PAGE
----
Open a window on the leeward side, and negative pressure quickly develops inside the whole house. Then it takes even less wind to exceed -5 Pascals. How do we deal with that?

Every house has a natural stack effect; the pressure in the basement is always lower than the second floor. Air leaking through second-floor ceiling fixtures lowers the pressure at the furnace in the basement.

Some have tried to provide information, but it isn’t complete. ASHRAE has information. And C.Y. Shaw, Ph.D., of the National Research Council of Canada, has published some. The Ontario Code a few years back tried to mandate a pressure-neutral house, resulting in the famous “Ontario Opening.” Why was that dropped?

There’s a shortage of component information, and there are outside forces that can’t be controlled. Those are the reasons for the problems.

There is an important relationship between combustion products and IAQ.

IAQ is gaining importance

IAQ is gaining in importance because public awareness is growing. People hear about Sick Building Syndrome at work and carry that awareness home. When there is no indoor smoking the odors aren’t masked, and people think the air needs improvement.

Increasing respiratory complaints have sharpened public awareness of IAQ. Documented increases in asthma and allergies may be related to increases in contaminants. Medical people are working on the causes, but we’re not ready with the solutions.

There’s more to IAQ in a house than control of pressure. Let’s examine some other issues, without making the discussion too complex.

There are many contaminants; excess moisture is the most common. Up to this point, I’ve not stressed the need for ventilation, but it is essential for the control of moisture and other contaminants. There must be a balanced approach; if pressure is the overwhelming issue, up to the point of sacrificing good ventilation, it works against IAQ.

Good IAQ depends on both careful management of combustion products and excellent ventilation. With combustion only, we have only the problems, the negative side of the balance. We need the positive effects of ventilation.

IAQ is a very old problem. Let me read from an old law book about how to deal with houses that have been affected by poor IAQ caused by excess moisture:

The priest shall then order the house to be cleared out lest everything in the house become infected. If the priest, on examining it, finds the infection on the walls of the house consists of greenish or reddish depressions which seem to go deeper than the surface of the wall, he shall quarantine the house for seven days.

On the seventh day the priest shall return to examine the house again. If he finds that the infection has spread on the walls, he shall order the infected stones to be pulled out and cast outside the city.

The whole inside of the house shall then be scraped, and the mortar that has been scraped off shall be dumped outside the city.

Then new stones shall be brought and put in the place of the old stones, and new mortar shall be made and plastered on the house.

If the infection breaks out once more after the stones have been pulled out and the house has been scraped and replastered, the priest shall come again; and if he finds that the infection has spread in the house, it shall be pulled down, and all its stones, beams and mortar shall be hauled away outside the city.

It’s the law of Moses, Leviticus chapter 14 (selected verses, but no words changed).

Moisture problems are worse now because the windows have glass, which disturbs natural ventilation. Therefore, we must provide mechanical ventilation.

HVI agreed upon a plan

Earlier I mentioned the HVI ventilation equipment manufacturers discussing their frustrations. You can now sense those frustrations. You can also sense the frustrations of others such as builders and code writers.

The HVI ventilation manufacturers agreed on several points, briefly stated:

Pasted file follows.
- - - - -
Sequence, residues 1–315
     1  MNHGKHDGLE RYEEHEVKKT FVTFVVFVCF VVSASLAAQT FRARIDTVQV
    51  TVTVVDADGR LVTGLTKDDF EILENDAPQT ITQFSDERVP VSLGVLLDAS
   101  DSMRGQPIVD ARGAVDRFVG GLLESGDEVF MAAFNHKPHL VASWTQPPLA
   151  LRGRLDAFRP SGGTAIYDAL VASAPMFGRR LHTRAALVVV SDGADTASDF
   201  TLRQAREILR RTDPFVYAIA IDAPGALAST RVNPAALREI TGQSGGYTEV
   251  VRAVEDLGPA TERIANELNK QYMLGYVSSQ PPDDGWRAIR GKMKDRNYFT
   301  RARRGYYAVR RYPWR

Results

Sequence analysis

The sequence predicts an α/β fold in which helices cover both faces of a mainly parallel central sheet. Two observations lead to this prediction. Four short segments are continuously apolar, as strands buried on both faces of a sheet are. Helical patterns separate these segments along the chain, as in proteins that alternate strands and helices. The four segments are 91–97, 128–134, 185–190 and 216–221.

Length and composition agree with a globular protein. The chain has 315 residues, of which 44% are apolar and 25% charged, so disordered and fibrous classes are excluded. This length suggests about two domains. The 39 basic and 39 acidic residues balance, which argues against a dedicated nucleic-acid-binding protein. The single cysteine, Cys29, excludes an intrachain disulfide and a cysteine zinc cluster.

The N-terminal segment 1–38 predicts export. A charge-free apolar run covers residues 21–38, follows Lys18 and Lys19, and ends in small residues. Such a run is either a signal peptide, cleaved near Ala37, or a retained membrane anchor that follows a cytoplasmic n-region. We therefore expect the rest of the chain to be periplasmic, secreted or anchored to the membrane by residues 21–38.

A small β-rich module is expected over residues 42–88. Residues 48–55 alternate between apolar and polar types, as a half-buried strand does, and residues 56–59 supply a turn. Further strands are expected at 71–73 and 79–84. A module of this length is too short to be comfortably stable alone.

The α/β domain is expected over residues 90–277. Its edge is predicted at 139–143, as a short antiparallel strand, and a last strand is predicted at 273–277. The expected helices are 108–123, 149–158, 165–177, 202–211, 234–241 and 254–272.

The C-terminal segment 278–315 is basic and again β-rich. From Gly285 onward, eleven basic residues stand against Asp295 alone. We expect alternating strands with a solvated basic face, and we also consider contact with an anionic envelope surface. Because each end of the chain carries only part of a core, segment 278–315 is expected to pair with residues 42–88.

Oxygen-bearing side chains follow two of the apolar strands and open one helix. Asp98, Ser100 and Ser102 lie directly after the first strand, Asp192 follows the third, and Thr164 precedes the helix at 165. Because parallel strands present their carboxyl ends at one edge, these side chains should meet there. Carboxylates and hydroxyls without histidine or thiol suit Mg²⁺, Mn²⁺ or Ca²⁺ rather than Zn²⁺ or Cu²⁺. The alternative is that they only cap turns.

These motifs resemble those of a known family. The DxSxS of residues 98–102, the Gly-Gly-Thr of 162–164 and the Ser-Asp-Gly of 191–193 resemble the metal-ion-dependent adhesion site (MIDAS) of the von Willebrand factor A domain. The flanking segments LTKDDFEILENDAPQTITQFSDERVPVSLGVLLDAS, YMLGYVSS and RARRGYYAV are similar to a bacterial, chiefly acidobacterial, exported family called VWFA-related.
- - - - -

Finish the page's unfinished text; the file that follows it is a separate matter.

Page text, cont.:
• The house is a system and builders need information to be able to plan.

  • Ventilation makes a positive contribution to IAQ.

  • Most combustion equipment can affect IAQ negatively.

  • Manufacturers of components must work together to communicate.

No single organization has the information needed to plan a house as a system. HVI decided to take the lead and adopted an ambitious, three-part plan:

Part 1. Convene and organize meetings of a joint consortium of the entities involved. There are representatives for combustion equipment, flue equipment, kitchen appliances, ventilation equipment, and others.

Part 2. Establish a primary, overall objective. (We expect something like, “Our objective is to develop and disseminate information so that builders and contractors can plan the house as a system regarding IAQ.”)

Part 3. Develop and disseminate the information defined by the objective.

Anticipated steps for developing the information are described in the following paragraphs.

Some of the information is logically developed in sequence. At present the following steps are visualized.

Step 1. Establish participants’ areas of agreement. Possible items of agreement include the house is a system; combustion products in the house can be a problem; we must agree upon allowable levels.

Step 2. Characterize the sources. Establish information for the combustion equipment found in houses. Included will be furnaces, water heaters, factory fireplaces, site-built fireplaces, wood stoves, gas-fired kitchen ranges, ovens, and any other equipment of that type.

Step 3. Define the transport (flue) factors. Establish information for flue equipment, and how it relates to the combustion equipment. Included will be metal flue products and masonry flues, the equipment which transports combustion products to the outdoors.

Step 4. Define the effects of ventilation. Establish information for ventilation equipment and how it relates to the preceding. Included will be exhaust fans, range hoods, balanced ventilation equipment, ERVs, clothes dryers, built-in vacuum cleaners, and similar equipment.

Step 5. Define the effects of weather. Establish information for the relationship between all of the above and climatic forces, considering all climate zones.

Lively discussions are expected; we hope they will be fruitful. The purpose of the consortium is to bring the people with the information together under one common goal — to make it possible to plan a house as a system.

I’m excited about this plan. Just imagine:

  • Key equipment manufacturers working together, sharing and coordinating simple and essential information;

  • Information being made available to builders and contractors all over the country;

  • Builders planning a house with the information, knowing in advance that the quality of the air in the finished house will be good — all the time; and

  • Contented homeowners living in a house with the air quality they expected.

All of that is possible if those with the information work together . . . and if everyone else encourages them to work together!